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Study reveals miscarriage research priorities

13 November, 2017

Study reveals miscarriage research priorities

A new study shows what the public and health professionals want future miscarriage research to focus on.

According to the results of a study published in BMJ Open, more research is needed to improve psychological and emotional support for women and their partners affected by miscarriage.

Other top priorities include research into preventative treatment, relevance of pre-existing medical conditions, importance of lifestyle factors and genetic and chromosomal causes, investigation after different numbers of miscarriage and male causal factors.

The team of doctors who carried out the survey say that while it is reassuring that many ongoing studies are closely aligned with these priorities, psychological and emotional support are among the less well researched areas.

With the underlying cause for the majority of miscarriages unexplained, there are gaps in the understanding of the psychological impacts.

Therefore, the team of UK-based researchers set out to determine what questions women, their partners and health professionals want answered and prioritised in future research.

The study involved 1093 participants, including 932 women who have experienced miscarriage, eight partners, 17 family members, friends or colleagues, 104 healthcare professionals and eight charitable organisations, including Miscarriage Association, Tommy’s and the RCOG.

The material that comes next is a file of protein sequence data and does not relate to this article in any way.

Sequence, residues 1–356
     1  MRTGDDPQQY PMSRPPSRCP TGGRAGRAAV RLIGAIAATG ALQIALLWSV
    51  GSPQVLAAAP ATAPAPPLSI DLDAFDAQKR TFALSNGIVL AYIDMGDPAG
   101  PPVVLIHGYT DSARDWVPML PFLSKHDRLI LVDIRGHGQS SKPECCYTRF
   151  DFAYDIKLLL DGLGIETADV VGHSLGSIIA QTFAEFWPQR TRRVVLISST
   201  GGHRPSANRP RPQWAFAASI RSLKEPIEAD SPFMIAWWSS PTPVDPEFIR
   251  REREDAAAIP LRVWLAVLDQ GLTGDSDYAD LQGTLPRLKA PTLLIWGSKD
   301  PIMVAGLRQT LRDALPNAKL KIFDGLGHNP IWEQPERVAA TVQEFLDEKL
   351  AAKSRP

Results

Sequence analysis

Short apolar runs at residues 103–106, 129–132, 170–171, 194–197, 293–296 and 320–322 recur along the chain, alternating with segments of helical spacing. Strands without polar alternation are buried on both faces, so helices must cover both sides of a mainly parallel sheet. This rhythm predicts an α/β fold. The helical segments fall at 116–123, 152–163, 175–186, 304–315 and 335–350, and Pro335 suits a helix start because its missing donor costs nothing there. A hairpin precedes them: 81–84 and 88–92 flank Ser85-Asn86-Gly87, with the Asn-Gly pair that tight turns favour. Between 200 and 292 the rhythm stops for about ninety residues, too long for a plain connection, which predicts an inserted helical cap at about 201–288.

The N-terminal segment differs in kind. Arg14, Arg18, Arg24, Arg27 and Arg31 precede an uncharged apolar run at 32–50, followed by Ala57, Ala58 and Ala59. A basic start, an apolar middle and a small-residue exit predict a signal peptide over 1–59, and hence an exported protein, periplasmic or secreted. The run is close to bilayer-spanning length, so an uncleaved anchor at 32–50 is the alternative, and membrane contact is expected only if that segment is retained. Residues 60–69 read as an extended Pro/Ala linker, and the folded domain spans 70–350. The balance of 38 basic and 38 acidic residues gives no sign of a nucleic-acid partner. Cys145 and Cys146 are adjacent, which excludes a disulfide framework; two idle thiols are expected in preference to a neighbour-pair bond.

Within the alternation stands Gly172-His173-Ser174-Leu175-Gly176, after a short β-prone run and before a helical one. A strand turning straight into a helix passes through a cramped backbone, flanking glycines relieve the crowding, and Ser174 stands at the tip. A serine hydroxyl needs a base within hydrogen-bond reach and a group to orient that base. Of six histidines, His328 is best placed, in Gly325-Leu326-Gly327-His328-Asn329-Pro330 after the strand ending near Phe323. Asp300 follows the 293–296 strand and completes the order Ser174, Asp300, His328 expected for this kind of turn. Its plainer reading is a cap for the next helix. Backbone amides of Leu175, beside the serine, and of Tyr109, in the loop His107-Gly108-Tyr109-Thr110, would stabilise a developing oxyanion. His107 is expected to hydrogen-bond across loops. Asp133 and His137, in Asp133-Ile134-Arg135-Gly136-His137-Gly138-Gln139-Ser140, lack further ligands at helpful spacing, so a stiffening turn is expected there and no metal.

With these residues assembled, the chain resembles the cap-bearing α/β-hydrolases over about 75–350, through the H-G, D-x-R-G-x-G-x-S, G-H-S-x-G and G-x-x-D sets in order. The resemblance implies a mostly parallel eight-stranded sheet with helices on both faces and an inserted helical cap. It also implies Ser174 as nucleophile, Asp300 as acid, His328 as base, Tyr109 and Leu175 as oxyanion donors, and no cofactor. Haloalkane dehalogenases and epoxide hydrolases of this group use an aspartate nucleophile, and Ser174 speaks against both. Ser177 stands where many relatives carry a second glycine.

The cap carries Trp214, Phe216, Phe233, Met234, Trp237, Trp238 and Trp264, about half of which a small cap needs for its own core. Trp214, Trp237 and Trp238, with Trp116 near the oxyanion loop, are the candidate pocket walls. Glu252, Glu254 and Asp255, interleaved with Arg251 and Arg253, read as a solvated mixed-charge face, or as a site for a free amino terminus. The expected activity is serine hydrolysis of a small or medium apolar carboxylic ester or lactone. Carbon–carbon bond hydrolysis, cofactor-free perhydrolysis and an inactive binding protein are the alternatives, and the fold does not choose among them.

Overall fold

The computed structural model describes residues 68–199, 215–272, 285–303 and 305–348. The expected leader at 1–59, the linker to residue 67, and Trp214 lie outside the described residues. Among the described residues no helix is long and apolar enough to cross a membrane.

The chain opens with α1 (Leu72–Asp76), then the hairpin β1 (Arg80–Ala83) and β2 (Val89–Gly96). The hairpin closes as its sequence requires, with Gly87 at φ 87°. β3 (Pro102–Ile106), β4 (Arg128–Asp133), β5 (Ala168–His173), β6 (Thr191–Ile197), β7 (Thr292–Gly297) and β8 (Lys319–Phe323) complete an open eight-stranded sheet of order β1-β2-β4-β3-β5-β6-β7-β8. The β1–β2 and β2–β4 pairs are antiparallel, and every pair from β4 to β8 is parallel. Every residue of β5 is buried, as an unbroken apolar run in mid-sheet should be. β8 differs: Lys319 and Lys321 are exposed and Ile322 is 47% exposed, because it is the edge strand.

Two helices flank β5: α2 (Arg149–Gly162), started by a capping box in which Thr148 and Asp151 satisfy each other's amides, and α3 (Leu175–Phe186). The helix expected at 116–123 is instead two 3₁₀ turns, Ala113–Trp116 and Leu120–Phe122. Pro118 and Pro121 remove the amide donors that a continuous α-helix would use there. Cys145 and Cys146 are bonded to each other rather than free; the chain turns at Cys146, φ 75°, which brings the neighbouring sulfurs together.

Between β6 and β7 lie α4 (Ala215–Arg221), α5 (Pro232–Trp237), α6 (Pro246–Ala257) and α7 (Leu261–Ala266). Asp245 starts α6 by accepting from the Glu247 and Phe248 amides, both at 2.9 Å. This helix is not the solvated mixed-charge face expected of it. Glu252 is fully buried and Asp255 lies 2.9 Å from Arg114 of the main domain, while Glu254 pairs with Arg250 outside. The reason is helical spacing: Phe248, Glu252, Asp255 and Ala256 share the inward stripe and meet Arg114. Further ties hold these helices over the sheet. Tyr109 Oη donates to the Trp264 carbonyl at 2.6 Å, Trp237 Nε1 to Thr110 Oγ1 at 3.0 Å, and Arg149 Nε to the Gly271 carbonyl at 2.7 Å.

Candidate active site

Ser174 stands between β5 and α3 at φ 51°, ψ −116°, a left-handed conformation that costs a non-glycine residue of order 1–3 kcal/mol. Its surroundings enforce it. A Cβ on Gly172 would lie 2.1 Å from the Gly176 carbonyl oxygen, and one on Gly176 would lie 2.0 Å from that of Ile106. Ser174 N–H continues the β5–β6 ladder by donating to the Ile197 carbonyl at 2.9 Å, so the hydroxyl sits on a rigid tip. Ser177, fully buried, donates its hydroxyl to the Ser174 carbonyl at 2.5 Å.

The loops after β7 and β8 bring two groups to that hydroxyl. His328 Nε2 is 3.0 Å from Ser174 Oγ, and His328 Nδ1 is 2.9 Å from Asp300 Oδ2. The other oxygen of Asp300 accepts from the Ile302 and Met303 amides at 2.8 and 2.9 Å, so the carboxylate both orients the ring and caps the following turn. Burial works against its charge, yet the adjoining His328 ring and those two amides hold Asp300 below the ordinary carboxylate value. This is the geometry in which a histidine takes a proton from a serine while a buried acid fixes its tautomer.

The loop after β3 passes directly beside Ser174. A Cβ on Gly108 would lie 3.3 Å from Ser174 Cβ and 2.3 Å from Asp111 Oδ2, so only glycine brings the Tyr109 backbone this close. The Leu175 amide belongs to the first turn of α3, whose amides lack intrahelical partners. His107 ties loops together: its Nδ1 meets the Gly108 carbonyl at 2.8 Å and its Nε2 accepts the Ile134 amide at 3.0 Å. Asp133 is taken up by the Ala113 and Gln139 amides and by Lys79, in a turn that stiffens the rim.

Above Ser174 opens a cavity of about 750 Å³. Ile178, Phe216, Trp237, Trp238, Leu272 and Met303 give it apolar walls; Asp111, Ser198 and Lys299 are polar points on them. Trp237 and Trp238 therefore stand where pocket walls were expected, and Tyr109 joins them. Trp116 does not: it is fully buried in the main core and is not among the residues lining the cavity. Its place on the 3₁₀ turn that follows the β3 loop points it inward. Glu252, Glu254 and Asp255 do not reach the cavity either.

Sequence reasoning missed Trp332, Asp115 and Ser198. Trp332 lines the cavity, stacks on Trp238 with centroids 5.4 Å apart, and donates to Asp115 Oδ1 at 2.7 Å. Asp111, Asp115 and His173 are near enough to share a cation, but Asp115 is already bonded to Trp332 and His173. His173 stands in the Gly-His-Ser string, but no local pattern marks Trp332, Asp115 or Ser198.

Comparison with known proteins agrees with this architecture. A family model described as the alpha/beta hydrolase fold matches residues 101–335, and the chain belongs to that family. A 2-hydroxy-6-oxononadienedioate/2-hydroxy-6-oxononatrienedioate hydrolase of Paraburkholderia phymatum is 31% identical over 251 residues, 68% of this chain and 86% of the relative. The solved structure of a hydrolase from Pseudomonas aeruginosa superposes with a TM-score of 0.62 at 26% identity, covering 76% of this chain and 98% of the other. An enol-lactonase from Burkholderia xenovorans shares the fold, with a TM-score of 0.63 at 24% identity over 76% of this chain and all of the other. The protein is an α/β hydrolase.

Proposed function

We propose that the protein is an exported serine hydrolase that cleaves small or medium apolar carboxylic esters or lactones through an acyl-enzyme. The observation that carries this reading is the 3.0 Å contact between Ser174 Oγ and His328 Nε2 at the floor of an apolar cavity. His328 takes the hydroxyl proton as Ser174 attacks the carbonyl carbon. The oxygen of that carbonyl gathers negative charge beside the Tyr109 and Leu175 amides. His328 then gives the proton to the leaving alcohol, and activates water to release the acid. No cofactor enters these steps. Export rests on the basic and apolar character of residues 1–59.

Of the initial 2402 questions, the 25 top questions were discussed in a face-to-face workshop to identify the top 10 priorities for future research.
The top research priorities identified are:
What are the effective interventions to prevent miscarriage?
What are the emotional and mental health impacts of miscarriage in the short term and long term for the mother and partner?
What investigations are of true clinical value?
To what extent do pre-existing medical conditions cause miscarriage?
What types of emotional support are effective in preventing or treating women or their partners after a miscarriage?
Do lifestyle factors cause miscarriage?
To what extent do genetic and chromosomal abnormalities in the fetus cause miscarriage?
What preconception tests or interventions prevent miscarriage?
What are the appropriate investigations for women after one, two or three or more miscarriages?
What male factors contribute towards the cause of miscarriage?

RCM education advisor Gail Johnson said: ‘This is important research and shows that there is a real need to understand much more about the psychological impact of miscarriage and the causes so that we can work toward reducing miscarriage rates and improving care.

‘I hope this provides an impetus for more research that will benefit women and health professionals to enable the care women and their partners receive to be improved.’

Access the research here.
 

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